Caring for the Caregivers: CA Senate Bill 1257


Jess Eagle, Strategic Communications Manager

I care for the elderly because I consider this a noble profession... But if I get sick, I don’t know how I will pay my bills or care for my own family. — Lee Plaza, L.A. domestic worker

For many California domestic workers, being exposed to health and safety hazards on the job is nothing new. Many spend their days physically assisting older adults and people with disabilities. Many regularly come into contact with hazardous bodily waste and use industrial grade cleaning chemicals with the understanding that if they want to protect their skin, eyes, and lungs, they need to buy their own protective gear. During the wildfires of recent years, some domestic workers were asked to risk their lives staying behind in wildfire evacuation zones to defend property and pets, or to clean up toxic waste in houses immediately afterward, while the air was still thick with ash and smoke. 

Soccoro Diaz developed severe respiratory problems while cleaning a home in a still-evacuated fire zone. “I went to a clinic, and they said…my lungs were comparable to a person who smoked,” said Diaz, a worker leader with the Graton Day Labor Center in Sonoma County. “My skin was extremely dry, and my eyes burned…My employers did not give me any protective equipment or explain the dangers of the job.”

Underpaid and overworked, domestic workers also often work in isolation in private homes, putting them at high risk of physical, emotional, or sexual abuse. Despite the high-risk nature of the job, California’s 300,000+ domestic workers — caregivers, homekeepers, and nannies — are still excluded from the state’s occupational health and safety law, CAL/OSHA, which provides basic, common-sense protections for most other workers across the state. Without the protection of this law, an employer request for risky or backbreaking work has clear connotations: Do this, or you won’t get paid. Do this, or you’ll be fired.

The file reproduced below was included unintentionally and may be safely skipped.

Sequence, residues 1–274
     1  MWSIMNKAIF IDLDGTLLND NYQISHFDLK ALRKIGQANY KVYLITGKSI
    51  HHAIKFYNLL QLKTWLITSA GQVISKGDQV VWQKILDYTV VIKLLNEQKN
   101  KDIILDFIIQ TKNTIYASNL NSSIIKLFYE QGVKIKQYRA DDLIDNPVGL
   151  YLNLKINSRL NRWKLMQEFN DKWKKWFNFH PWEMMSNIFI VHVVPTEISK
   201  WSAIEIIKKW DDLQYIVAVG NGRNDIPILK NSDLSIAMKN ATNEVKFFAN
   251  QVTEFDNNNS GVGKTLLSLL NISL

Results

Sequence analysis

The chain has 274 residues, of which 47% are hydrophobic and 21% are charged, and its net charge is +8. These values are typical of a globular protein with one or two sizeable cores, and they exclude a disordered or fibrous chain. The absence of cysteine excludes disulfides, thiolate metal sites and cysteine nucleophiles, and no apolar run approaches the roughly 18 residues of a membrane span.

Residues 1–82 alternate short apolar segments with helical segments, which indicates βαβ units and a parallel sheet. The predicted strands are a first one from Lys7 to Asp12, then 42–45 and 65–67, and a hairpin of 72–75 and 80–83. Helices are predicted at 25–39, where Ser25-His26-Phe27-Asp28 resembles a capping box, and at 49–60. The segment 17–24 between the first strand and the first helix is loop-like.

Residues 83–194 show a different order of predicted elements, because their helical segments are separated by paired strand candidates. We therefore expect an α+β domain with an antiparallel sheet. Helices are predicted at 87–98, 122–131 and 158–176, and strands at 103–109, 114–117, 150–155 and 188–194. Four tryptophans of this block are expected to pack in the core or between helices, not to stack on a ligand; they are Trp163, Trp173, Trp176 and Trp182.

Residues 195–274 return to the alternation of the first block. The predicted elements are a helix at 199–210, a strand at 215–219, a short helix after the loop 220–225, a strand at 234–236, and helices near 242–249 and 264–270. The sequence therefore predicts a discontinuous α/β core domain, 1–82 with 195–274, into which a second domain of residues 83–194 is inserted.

Domestic workers are caring for some of the most at-risk people of our communities, and in doing so, they’re helping to prevent our hospitals from overcrowding.

But the current pandemic presents a truly unprecedented threat to domestic workers’ health, and ultimately their lives. It puts their families and communities at risk. And since many live paycheck to paycheck, without reliable health insurance, they must choose daily between putting themselves in a potentially life-threatening situation, or not being able to pay rent.

That decision is further complicated because domestic workers currently play a critical role on the COVID-19 front lines: They’re caring for some of the most at-risk people of our communities, and in doing so, they’re helping to prevent our hospitals from overcrowding.

“We homecare workers, we can’t just stay home. We’re out there keeping society running,” said Lee Plaza, a domestic worker in Los Angeles. “We are essential to keeping the sick and elderly out of our overburdened hospitals. But we need to be taken care of as well.”